|Publication number||US5890252 A|
|Application number||US 08/955,940|
|Publication date||Apr 6, 1999|
|Filing date||Oct 22, 1997|
|Priority date||Aug 29, 1996|
|Publication number||08955940, 955940, US 5890252 A, US 5890252A, US-A-5890252, US5890252 A, US5890252A|
|Inventors||William H. Mellon|
|Original Assignee||Mellon; William H.|
|Export Citation||BiBTeX, EndNote, RefMan|
|Patent Citations (14), Referenced by (6), Classifications (7), Legal Events (3)|
|External Links: USPTO, USPTO Assignment, Espacenet|
This application is a continuation-in-part of application Ser. No. 08/705,140, filed Aug. 29, 1996, now U.S. Pat. No. 5,761,758.
This invention relates generally to the removal of corrosion from the contact arms and the barrel interior of electrical jacks of the type typically found in guitar amplifiers, public address systems, communication systems, etc. It specifically relates to such situations in which a contact arm's structural integrity dictates that the movement of the contact arm be minimized during the cleaning process.
In an ordinary electrical jack a metallic plug is inserted into the barrel of the jack until the shoulder of the plug bears upon the exterior face of the jack. The shaft of the plug will then be in electrical contact with the end of one or more of the jack contact arms, while the shaft of the plug is in electrical contact with the interior surface of the jack barrel. The jack contact arms and barrel are metallic and subject to oxidation which results in the accumulation of corrosion on their respective contact surfaces. Other unwanted materials, such as dirt, etc., may also be deposited on such surfaces from the electrical plug, etc.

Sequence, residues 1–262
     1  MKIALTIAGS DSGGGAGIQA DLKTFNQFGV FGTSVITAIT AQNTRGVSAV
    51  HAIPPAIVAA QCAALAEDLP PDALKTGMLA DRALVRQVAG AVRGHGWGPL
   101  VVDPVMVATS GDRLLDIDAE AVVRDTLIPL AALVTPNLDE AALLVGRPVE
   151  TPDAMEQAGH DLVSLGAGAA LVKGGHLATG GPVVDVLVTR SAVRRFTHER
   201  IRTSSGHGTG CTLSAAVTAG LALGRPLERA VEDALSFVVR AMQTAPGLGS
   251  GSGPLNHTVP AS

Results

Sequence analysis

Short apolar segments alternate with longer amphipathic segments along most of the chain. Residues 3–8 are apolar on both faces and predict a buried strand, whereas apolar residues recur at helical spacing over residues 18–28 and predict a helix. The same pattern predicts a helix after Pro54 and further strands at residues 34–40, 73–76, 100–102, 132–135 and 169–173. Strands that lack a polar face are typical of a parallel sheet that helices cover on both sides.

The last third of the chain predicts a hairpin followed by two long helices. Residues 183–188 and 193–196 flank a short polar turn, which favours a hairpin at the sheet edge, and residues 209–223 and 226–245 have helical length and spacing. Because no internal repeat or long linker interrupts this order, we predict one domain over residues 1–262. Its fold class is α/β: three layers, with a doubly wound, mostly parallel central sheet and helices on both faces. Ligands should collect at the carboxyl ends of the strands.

The removal of such corrosion and other materials is difficult because the typical electrical jack installation results in the contact arms being contained in a cabinet enclosure which greatly reduces available access. Although some devices are available for cleaning the contact arm without entering the enclosure, none are available which provide an optimum level of cleaning efficiency. This is due in large part to the rigidity of the cleaning tool and the nature of the cleaning surface.
The file like action of a rigid and metallic shaft surface is likely to cause excessive wear on the jack, particularly with respect to the jack contact arms. Furthermore, a rigid tool shaft, even with significant manipulation, is unlikely to effectively bear upon an acceptably large contact patch with the jack barrel interior.
Additionally, the rigid and metallic shaft surface is unable to capture any significant amount of the removed corrosion for removal from the enclosure interior, leaving the same to accumulate on or near other electrical components within the enclosure.